Protocols for Gatherings

All Nations, All Faiths, One Prayer!

If you plan on holding or hosting a Gathering on June 21st, please contact us so that we may compile a list. If you would like your listing information to be posted, please indicate the name of the site, directions, contact person and number or email. This will allow others in your area to find and join your celebration.

Send us your info

Whether it is a Temple, Church Congregation, religious organization or Mosques, if people are gathering in communities, openly upon the earth or Sacred Sites, please note that proper protocols of Indigenous representation for any particular ceremonial activity should be done. An Indigenous Traditional representative should be present to run their particular ceremony.

If desired; we as First Nation People are willing to share the sacred fire and offering of tobacco with prayers in a united effort. We feel that all that is needed to gather is: to have people bring a gift of food to share, as a pot luck and their energy of concerned prayers. This is also the safest and most respectful way to treat Indigenous Traditional values and concerns of proper protocol. (Wolakota sponsored WPPD events have always only used the fire and tobacco circles for the united effort of prayers.)

Out of respect for Sacred Ceremonies to not be advertised on the internet, if you are listing a traditional ceremonial rites of a particular Indigenious Nation, we only will post a general location of where people are doing prayers.

Any extra financial needs can be raised through grass root funding. We highly stress that no major grant writing should be done. This should be an opportunity to empower the people’s desire to come together to pray for Grandmother Earth. (*note: if you are aware of this boundary of respect being crossed, please contact the webmaster.

Pilamaya (thank you) for supporting this effort for Peace and the protection of our Grandmother Earth and her Sacred Sites.

February 2004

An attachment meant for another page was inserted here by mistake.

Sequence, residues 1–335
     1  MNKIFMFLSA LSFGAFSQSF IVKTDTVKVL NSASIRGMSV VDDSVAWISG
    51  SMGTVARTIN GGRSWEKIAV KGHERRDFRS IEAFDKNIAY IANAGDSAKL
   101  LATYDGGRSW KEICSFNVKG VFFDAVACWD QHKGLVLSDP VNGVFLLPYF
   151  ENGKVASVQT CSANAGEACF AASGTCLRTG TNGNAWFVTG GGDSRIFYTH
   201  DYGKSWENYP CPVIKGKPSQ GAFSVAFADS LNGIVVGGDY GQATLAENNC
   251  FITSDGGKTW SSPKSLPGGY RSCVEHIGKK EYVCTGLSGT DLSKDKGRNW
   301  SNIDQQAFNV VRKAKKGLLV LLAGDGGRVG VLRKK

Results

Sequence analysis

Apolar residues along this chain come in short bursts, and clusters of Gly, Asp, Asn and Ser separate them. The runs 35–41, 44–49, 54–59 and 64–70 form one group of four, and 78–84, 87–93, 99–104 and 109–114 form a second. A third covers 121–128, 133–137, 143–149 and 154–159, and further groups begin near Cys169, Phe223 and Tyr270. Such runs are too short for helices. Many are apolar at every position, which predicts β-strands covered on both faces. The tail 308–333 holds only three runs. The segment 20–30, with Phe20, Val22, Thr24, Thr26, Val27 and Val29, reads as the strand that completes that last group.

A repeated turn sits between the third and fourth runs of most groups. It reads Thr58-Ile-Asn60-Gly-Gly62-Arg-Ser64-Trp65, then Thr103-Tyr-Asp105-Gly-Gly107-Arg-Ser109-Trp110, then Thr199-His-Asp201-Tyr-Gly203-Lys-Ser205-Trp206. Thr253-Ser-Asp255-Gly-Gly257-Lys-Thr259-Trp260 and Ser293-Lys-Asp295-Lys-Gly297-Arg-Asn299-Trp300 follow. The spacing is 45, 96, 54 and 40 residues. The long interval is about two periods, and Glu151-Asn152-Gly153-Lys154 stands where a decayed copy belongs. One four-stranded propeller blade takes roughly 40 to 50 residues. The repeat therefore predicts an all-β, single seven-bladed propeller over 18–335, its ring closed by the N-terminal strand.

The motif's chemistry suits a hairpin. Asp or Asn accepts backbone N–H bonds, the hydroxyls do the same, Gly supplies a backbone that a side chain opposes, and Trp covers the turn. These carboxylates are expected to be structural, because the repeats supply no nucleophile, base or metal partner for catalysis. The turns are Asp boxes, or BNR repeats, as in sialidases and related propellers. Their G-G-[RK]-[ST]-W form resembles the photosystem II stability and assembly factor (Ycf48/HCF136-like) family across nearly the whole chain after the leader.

Wodakota News

February 2004

Our year begins with the commitment to World Peace & Prayer Day, Japan. The Organizing Committee in Japan has been hard at work for the past 2 years for their June 21st celebration. Please see their website for specific information regarding the event: WPPD-Japan.

We are deeply honored and grateful to reknown Japanese artist Akino Isamu for this years’ beautiful artwork. The image – depicting the firery Mt. Fuji, the animal nations, and historic figures – speaks of their deep, indigenous cultural connection. Check out their website for more. 

Prayer Run 2005

Wodakota News

Prayer Run 2005

Prayer Run for World Peace 2005 was Wodakota Youth Council’s first large scale project involving numerous First Nation Tribes and including many non-native youth participants, from all cultures across the Nation. Starting in May 2005 groups, from the four directions started their run: the West group: Los Angeles, CA, North group: Manitoba, Canada, the East group: Long Island, New York and the Southern group: Mexico and El Paso, Texas. The Youth concluded their run in the Black Hills, Peidmont, SD and participated in the 10th annual World Peace and Prayer Day.

(WPPD) ceremony between June !8th and June 21st. Through their journey to South Dakota,youth, the participants witnessed their own ability to build self confidence: a realization that they can overcome difficult obstacles in life, and were able to build a common bond with the otheryouth participants, who held the same goals for the future.

Prayer Ride for World Peace From the North, a Horse Bundle was carried by riders from Cypress Hills Saskatchewan and Runners which began in May 2005. Their route brought them across Montana and through many Tribal communities. As much as 15 youth stayed on their horses all the way to the event on June 18th at Elk Creek Resort, Piedmont, SD, joining up with the Runners from the four directions. It was a beautiful site to see the horses and runners come in to the beginning of the event of WPPD. They brought all their prayers in one hoop of unity.

After lighting the sacred fire all the riders and runners enjoyed a restful event of visiting and meeting of ideas for the future in another Run. The following 3 days, were filled with messages from different Indigenous Nations, Religious and Spiritual Leaders and also educational session on sustainable development. At the conclusion of the event, the Cree Nation gifted the participants in a Horse Ceremony. The completion was a feeling of accomplishment, knowing that no matter how hard the journey was on horseback, running and organizing, the feeling was a blessing and hope for our future generations!

Prayer Run 2006

Wodakota News

Prayer Run 2006

Prayer Run for World Peace 2006 completed their commitment 2006 from Vancouver, British Columbia and trek up to Eklutna, Alaska. During their 2261.75 mile journey they vested with communities and held speaking engagements regarding the dire need to create alternative sustainable living resources, importance of protecting Sacred Sites and maintaining a more peaceful relationship with all countries throughout the world. Against all odds, they completed their journey and commitment to the creator.

Across the World 2006

Wodakota News

Across the World 2006